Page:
Ruins of Megalithic sites are everywhere all around the world. There are Stonehenge in England, Moai monument in Easter Island, Carnac Stone in France and many more. But in Indonesia, it’s not only the megaliths that exist. The megalithic culture itself is still practiced in some places of the country.
In Flores island, there is a small community that still pays homage to the ancient culture. They live in a forested slope of Mt. Inerie in a remote village called Bena. It is located in Bajawa area, only 18 km to the south of the downtown.
Visiting this village is like taking a look at a living prehistoric museum. Everything about the Stone Age you learn from the history books can be easily found here. As soon as you enter the village area, traditional wooden houses with thatched roof are seen standing linearly on terraced ground. And if you look at them closer, skulls and horns of water buffaloes and pig jaws are seen decorating every veranda. The more the skulls displayed, the higher is the family’s social status.
All those houses are built facing the central space of the village where all megaliths are mainly located. Two most important features are Nga’du and Bhaga, symbols of the villagers’ ancestors. Nga’du resembles a shape of an umbrella and is dedicated to the male ancestors while Bhaga, miniature of local traditional house, is for the female ones.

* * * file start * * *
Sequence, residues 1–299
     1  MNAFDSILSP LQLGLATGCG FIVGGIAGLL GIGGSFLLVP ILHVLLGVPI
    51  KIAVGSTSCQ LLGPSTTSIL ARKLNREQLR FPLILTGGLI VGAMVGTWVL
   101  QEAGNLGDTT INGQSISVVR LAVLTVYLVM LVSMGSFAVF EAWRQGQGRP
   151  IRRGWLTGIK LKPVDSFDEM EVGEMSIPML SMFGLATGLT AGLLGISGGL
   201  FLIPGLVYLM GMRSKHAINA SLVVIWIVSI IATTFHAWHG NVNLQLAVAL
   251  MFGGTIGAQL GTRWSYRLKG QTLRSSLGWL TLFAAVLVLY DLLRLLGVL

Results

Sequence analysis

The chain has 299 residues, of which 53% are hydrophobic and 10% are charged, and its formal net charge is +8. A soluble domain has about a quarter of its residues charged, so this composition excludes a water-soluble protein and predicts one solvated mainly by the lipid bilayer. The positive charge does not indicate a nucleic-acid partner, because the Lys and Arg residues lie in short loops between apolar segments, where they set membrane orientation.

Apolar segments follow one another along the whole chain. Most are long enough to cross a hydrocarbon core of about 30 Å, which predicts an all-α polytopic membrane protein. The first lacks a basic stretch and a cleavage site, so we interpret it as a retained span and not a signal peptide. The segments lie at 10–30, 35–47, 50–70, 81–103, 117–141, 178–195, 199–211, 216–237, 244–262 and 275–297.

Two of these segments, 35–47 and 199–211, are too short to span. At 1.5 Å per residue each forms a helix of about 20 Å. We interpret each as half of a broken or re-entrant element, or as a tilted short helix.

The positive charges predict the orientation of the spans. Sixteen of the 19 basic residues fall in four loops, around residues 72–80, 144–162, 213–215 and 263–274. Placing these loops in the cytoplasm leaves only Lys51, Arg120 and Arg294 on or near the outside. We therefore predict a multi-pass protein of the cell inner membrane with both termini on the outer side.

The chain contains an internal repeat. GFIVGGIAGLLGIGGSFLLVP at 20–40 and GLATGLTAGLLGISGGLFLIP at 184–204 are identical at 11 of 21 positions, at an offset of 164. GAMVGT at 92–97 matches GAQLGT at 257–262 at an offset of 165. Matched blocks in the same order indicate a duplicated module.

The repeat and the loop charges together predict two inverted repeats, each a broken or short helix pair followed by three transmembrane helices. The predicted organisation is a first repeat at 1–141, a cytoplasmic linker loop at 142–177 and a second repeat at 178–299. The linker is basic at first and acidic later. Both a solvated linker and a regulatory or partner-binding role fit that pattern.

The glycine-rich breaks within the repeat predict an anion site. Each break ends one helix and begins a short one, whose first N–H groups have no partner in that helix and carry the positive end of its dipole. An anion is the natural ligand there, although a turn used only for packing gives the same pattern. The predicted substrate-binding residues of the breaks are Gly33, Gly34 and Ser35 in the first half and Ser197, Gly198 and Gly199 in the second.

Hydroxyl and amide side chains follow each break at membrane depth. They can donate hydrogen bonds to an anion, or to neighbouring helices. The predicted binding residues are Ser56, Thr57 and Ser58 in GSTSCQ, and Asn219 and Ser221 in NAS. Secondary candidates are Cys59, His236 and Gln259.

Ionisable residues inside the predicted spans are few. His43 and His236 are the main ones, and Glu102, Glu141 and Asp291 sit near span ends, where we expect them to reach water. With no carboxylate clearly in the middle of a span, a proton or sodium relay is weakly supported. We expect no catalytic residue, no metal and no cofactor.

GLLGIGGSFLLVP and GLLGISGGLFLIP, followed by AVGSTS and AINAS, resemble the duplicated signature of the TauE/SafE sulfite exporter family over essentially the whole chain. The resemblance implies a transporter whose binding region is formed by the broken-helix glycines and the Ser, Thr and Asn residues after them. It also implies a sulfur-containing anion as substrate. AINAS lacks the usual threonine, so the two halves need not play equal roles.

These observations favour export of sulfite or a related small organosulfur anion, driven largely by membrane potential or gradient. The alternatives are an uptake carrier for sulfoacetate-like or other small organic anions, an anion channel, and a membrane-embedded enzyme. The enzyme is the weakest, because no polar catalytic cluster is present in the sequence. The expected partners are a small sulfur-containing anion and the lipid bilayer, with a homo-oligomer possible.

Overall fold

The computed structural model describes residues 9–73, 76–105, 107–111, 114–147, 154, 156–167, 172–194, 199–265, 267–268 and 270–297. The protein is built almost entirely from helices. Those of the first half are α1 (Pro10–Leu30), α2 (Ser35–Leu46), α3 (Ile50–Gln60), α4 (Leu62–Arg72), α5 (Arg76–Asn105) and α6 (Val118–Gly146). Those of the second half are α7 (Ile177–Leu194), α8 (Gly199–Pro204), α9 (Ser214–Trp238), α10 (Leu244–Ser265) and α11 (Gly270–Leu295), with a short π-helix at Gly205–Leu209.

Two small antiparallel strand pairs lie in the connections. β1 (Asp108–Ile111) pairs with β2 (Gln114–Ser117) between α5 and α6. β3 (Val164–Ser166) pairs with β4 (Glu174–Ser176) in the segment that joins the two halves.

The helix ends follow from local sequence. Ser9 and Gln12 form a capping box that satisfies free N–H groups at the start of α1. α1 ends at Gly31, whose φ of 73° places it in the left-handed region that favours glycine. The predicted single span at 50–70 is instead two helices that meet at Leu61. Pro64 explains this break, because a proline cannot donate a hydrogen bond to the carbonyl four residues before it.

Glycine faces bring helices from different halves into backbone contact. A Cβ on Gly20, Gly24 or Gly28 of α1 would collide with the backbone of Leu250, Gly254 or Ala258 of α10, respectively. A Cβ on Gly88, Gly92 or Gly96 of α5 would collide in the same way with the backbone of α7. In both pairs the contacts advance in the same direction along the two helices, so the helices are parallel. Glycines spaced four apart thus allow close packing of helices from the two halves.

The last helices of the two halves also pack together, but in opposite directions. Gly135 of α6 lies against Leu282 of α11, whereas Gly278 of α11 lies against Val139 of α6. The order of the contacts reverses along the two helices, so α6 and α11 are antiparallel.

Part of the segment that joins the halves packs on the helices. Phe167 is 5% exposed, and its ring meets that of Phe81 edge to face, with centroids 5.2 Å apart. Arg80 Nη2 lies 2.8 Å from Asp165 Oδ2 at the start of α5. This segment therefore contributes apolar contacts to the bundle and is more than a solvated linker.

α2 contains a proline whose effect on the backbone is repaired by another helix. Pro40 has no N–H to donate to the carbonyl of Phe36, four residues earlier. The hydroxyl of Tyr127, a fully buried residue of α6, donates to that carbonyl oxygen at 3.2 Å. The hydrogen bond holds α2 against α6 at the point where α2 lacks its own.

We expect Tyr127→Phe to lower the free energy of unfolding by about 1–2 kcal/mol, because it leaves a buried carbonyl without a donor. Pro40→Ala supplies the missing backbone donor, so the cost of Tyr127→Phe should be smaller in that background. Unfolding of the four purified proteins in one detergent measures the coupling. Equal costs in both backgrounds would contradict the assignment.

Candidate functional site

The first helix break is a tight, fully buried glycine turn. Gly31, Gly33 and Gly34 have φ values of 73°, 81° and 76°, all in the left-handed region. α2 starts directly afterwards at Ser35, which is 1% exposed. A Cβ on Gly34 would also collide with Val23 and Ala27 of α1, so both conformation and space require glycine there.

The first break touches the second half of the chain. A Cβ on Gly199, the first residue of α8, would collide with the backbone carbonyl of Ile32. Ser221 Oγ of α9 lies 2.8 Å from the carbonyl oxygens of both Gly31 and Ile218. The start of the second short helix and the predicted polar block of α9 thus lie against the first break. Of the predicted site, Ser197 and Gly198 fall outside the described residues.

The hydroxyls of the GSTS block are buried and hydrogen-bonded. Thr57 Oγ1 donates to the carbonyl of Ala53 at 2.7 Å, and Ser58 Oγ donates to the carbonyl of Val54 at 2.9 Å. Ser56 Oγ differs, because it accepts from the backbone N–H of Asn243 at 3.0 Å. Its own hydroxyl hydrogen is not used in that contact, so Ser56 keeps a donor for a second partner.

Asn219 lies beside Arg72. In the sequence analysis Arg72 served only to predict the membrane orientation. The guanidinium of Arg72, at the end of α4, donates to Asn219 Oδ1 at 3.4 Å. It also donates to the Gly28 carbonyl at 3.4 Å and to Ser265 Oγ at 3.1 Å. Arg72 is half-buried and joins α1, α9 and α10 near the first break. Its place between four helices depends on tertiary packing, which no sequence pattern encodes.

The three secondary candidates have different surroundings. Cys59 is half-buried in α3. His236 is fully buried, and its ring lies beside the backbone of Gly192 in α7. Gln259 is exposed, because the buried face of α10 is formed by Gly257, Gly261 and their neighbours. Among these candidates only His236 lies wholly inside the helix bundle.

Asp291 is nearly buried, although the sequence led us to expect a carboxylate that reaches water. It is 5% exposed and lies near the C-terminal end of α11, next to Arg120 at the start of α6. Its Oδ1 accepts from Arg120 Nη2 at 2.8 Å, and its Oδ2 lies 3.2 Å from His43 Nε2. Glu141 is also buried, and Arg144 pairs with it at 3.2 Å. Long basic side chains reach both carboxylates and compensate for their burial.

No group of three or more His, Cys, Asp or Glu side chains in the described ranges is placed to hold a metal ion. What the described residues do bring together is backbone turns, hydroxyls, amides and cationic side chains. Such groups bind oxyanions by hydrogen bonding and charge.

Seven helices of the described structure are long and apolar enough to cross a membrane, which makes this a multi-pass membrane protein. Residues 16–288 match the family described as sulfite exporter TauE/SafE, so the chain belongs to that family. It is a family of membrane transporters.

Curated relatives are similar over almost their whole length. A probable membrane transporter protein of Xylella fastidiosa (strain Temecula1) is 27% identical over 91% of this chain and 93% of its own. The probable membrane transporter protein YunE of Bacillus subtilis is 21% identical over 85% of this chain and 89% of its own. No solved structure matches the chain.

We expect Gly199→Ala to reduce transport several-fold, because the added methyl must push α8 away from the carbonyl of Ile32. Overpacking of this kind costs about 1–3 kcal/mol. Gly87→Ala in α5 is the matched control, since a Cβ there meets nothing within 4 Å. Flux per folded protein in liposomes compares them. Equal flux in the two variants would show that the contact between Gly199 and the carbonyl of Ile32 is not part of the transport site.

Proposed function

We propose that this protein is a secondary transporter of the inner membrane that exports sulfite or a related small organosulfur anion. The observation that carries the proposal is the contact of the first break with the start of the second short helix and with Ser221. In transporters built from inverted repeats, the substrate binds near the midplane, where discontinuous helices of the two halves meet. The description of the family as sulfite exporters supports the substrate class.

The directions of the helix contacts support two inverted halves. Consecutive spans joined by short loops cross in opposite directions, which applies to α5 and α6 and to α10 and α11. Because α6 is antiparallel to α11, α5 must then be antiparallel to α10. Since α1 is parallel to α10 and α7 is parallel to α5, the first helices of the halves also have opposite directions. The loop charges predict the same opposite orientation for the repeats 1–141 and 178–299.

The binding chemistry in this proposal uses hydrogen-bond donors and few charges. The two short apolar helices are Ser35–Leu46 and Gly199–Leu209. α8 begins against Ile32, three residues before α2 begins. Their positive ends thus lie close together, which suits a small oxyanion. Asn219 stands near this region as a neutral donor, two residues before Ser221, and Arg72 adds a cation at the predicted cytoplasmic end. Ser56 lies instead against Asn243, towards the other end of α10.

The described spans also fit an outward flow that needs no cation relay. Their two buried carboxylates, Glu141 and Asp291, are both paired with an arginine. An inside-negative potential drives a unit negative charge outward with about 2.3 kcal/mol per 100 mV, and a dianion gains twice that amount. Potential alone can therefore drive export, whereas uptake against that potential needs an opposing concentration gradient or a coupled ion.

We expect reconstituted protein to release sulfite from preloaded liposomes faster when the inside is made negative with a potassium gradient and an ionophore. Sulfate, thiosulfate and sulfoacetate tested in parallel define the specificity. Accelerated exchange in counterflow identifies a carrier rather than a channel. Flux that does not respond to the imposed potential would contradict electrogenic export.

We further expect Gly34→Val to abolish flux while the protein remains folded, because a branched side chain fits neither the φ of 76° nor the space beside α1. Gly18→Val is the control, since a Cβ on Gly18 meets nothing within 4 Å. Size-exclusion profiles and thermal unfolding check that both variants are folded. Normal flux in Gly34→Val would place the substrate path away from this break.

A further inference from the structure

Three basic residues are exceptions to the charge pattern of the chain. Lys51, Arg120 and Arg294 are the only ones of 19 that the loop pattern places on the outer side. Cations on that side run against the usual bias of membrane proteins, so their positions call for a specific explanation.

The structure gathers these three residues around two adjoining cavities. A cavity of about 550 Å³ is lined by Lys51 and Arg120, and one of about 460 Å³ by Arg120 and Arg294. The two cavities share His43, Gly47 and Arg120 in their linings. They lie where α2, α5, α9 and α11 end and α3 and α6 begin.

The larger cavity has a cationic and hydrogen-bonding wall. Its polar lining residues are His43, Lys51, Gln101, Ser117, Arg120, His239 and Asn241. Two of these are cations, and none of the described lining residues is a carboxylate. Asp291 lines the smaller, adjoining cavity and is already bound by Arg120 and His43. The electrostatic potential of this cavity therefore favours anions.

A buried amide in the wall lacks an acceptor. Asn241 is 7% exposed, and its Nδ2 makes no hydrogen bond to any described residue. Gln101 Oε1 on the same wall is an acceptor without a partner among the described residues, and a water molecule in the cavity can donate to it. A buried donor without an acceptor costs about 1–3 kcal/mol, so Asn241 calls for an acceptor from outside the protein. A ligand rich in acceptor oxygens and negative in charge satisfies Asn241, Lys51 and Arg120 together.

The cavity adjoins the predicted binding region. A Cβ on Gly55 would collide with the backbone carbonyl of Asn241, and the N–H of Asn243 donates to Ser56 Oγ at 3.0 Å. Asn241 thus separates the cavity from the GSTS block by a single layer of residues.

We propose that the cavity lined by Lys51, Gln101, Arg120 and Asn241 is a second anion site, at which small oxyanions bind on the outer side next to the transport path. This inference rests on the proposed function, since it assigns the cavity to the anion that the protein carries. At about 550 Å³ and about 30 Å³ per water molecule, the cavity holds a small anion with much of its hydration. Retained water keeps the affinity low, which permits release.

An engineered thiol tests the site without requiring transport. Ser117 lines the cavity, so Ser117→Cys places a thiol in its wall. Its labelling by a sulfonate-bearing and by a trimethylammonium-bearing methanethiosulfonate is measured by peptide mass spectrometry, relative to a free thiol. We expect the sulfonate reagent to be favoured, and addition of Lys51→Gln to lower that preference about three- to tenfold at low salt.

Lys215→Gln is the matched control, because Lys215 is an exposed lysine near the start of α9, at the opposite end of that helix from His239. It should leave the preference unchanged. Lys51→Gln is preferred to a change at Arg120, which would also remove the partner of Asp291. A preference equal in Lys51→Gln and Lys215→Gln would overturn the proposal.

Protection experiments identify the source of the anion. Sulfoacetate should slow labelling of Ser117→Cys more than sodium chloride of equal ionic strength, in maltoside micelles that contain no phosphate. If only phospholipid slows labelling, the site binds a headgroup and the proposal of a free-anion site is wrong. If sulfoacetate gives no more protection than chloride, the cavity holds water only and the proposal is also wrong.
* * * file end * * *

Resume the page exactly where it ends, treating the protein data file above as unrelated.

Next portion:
Around the main monuments are various megalithic properties. Nabe, a local name for menhir, serves as the ancestral tomb stones. The absence of name and year on the stones implies that Nabe can be hundreds of years. Another megalith you can find here is Lengi, a huge flat stone that becomes a place for locals to discuss communal problems.
These days, most people in Bena village are Catholics. Though so, megalithic culture are continuously practiced. Some traditional ceremonies are still held with animals as the sacrifice. Every year on 15th January, villagers celebrate their new year during which Bena becomes alive with traditional music and dance.
Aside from the culture, Bena is attractive due to its beautiful surrounding. There is a viewpoint at the end of the village that offers a stunning bird’s-eye view of the entire city of Bajawa, Mt. Inerie and Savu sea.
How to Get There
By private vehicle, it takes 7-8 hours to get to Bena village from Labuan Bajo airport. And if you depart from the town of Bajawa, it only takes less than one hour via Transflores highway to the south.
You may also take Flores’ full music angkot (public transport) if you fancy to experience the island’s real impression. Absorb the fresh air and enjoy the Indonesia songs as the car drives along mountain slope dotted with local coffee plantation.